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The US Open is filled with players making comebacks from retirement, pregnancy or injury

NEW YORK (AP) — Comebacks are nothing new in tennis. There’s quite a history of that sort of thing, including by stars such as Martina Navratilova, John McEnroe, Martina Hingis, Bjorn Borg, Kim Clijsters and Andy Murray.

Perhaps that’s why so many fans of Serena Williams hold out hope she’ll return after playing her last match a year ago at the U.S. Open.

Williams recently gave birth to her second child so she will not be at Flushing Meadows, but this year’s tournament features several players who left the tour for a significant amount of time and now are back. The Day 1 schedule included Ajla Tomljanovic — who beat Williams in the 23-time Grand Slam champion’s farewell contest last September but has been sidelined by injury since November — and 2021 Australian Open finalist Jennifer Brady (injured) in the afternoon. Then 2016 Wimbledon runner-up Milos Raonic (injured) and 2018 Australian Open champion Caroline Wozniacki (retirement) were scheduled to appear at Louis Armstrong Stadium on Monday night.

“I feel like people just don’t know what to do with their lives,” 2020 U.S. Open semifinalist Brady said with a hearty laugh during an interview with The Associated Press. “Maybe they see prize money going up and think they can get back to where they were.”

The 28-year-old from Pennsylvania played her first WTA tour match since 2021 this month after being sidelined because of a fracture in her right knee and torn tissue in her left foot.

“Because of where I left off — semifinals of a Grand Slam; final of a Grand Slam — there’s expectations and goals,” she said. “But I don’t want to really put pressure on myself to get back there right away.”

Tuesday will welcome others who were absent for a while, including Barbora Strycova (retirement) and three-time major semifinalist Elina Svitolina (pregnancy).

“It’s very alluring and attractive to think, ‘What would it be like to play again?’” said two-time Slam runner-up Kevin Anderson, a 37-year-old from South Africa who recently ended his retirement after nearly 1 1/2 years away but did not make it out of qualifying in New York. “Some people find real meaning in something they’re passionate about soon after they leave tennis. I haven’t found that yet.”

Much as the circumstances that prompt some folks to stop and those that lead some to resume can vary, so, too, can the on-court results in Part II of a career.

The 2014 runner-up at Flushing Meadows, Kei Nishikori had hip surgery in January 2022, then returned to the ATP Tour this July, but has been out all of August with a knee injury and withdrew from the U.S. Open on Sunday.

“Some people probably stop and feel that they’ve had enough — whether that’s through performance or that’s through their body hurting and aching — and then maybe after an extended period of time away from the sport, they start to miss it again,” said Murray, a three-time major champion who was feted during a retirement ceremony at the 2019 Australian Open but eventually played again thanks to an artificial hip.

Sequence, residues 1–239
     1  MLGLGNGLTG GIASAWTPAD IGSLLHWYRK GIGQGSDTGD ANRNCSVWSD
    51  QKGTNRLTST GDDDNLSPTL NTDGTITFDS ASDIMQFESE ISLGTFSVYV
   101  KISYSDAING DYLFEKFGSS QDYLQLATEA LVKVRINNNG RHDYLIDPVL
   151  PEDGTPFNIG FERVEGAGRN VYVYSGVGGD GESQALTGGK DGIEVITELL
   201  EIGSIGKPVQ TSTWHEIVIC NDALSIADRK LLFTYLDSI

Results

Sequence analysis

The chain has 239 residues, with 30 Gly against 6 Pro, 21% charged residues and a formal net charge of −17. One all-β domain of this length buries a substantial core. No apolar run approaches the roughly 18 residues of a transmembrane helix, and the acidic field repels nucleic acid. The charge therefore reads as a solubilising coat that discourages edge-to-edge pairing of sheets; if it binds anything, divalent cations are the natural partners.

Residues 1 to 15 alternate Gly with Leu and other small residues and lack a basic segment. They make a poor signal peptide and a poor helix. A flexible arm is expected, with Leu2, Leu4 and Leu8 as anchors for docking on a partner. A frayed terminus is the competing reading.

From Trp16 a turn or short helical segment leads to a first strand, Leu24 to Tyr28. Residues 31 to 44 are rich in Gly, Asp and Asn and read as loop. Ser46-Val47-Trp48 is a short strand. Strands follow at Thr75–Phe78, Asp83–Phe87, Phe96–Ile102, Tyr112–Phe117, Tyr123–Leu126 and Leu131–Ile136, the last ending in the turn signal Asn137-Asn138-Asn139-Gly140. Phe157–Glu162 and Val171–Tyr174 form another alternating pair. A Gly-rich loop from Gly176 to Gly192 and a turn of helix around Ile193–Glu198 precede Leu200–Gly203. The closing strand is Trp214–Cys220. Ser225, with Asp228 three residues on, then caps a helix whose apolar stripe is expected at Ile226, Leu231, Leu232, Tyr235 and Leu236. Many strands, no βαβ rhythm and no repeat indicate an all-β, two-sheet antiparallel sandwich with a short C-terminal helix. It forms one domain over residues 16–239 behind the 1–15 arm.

“It’s a pretty brutal sport in the sense of how long the season is and everything. If you’ve been doing that for like 11, 12 years straight, maybe mentally some players just feel like they need a break … and then refresh and maybe give it another shot,” Murray said. “Some of the women have had children and then made the call to come back.”

Wozniacki quit in 2020 to start a family with her husband, former NBA player David Lee. Now 33, with two young children, Wozniacki jumped into competition this month. Svitolina, 28, was gone for about a year while she and her husband, tennis player Gael Monfils, had their first child; just three months after returning, she reached Wimbledon’s semifinals. Strycova, 37, retired in 2021, had a baby, got back on tour this April and won the women’s doubles trophy at Wimbledon.

“I don’t know if I’m going to be having a child and coming back. I’ll just say that. It’s a lot of work. I don’t know how they do it,” said Jessica Pegula, a 29-year-old American ranked No. 3. “To see that being a possibility now for women is great. … I’m sure it’s such a cool experience for them to come back and have their children watch them play.”

Not everyone’s open to the idea of bidding adieu and then saying, “I’m back!”

John Isner, a 38-year-old who will retire after the U.S. Open, was asked whether there’s any chance he might follow this comeback trend.

“I’m done,” Isner replied. “It won’t happen with me.”

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Mahoney reported from New York; Fendrich reported from Washington.

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AP tennis: https://apnews.com/hub/tennis

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